At the Forge - Server Migration and Disasters
Moving to a new place is hard, and moving your server to a new location or computer also is hard. But by coming up with a good migration plan, moving incrementally and checking your work at every point with tools such as nslookup, dig, telnet and the HEAD and GET programs that come with Perl's LWP (or the curl toolkit that performs similar operations), you can have a smooth and simple migration.
With only a few changes, a migration plan also can be used as a backup plan, ensuring that your servers continue to work and are accessible even in the wake of a great disaster. You cannot plan for every potential pitfall, but if your organization depends on its Web site, it's worth investing the time and money to ensure that it remains on-line.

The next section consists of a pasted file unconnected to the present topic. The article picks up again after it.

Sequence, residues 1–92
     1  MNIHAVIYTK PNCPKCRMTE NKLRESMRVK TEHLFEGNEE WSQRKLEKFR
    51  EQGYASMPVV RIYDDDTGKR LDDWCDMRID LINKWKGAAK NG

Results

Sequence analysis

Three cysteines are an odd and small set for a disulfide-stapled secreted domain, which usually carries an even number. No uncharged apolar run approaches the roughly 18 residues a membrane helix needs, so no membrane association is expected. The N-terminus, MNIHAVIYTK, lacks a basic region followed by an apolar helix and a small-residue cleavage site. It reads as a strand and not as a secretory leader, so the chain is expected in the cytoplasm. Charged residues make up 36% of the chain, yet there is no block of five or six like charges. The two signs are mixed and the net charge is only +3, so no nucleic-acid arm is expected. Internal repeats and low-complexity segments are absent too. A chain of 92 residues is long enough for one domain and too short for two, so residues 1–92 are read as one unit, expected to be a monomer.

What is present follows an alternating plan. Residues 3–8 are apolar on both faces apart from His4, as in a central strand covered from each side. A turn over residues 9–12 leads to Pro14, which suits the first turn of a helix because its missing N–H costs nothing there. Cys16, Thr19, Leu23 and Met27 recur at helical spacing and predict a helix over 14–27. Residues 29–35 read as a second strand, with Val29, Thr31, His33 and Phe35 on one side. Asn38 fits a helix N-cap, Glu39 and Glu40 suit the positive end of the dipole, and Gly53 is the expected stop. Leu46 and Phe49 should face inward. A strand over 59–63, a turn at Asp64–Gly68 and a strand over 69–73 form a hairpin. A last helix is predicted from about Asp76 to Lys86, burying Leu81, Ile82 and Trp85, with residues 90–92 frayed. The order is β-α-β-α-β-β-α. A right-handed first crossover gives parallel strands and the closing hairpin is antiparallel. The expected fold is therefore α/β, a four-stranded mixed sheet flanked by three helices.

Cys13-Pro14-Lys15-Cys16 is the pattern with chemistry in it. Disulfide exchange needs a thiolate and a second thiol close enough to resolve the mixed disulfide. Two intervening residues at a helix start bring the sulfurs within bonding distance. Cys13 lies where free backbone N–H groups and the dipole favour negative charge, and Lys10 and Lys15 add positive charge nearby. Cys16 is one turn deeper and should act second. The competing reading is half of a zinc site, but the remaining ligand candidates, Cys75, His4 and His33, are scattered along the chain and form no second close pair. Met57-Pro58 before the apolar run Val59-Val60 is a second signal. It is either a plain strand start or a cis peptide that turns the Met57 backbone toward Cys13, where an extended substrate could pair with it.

Reuven M. Lerner, a longtime Web/database consultant and developer, is now a first-year graduate student in the Learning Sciences program at Northwestern University. He lives with his wife and two young daughters in Chicago, Illinois. You can reach him at firstname.lastname@example.org.
Webinar: 8 Signs You’re Beyond Cron
On Demand NOW
Join Linux Journal and Pat Cameron, Director of Automation Technology at HelpSystems, as they discuss the eight primary advantages of moving beyond cron job scheduling. In this webinar, you’ll learn about integrating cron with an enterprise scheduler.View Now!
- When Official Debian Support Ends, Who Will Save You?
- Ubuntu Ditches Upstart
- Video On Demand: 8 Signs You're Beyond Cron
- May 2015 Issue of Linux Journal: Cool Projects
- "No Reboot" Kernel Patching - And Why You Should Care
- Picking Out the Nouns
- DevOps: Better Than the Sum of Its Parts
- Return of the Mac
- Drupageddon: SQL Injection, Database Abstraction and Hundreds of Thousands of Web Sites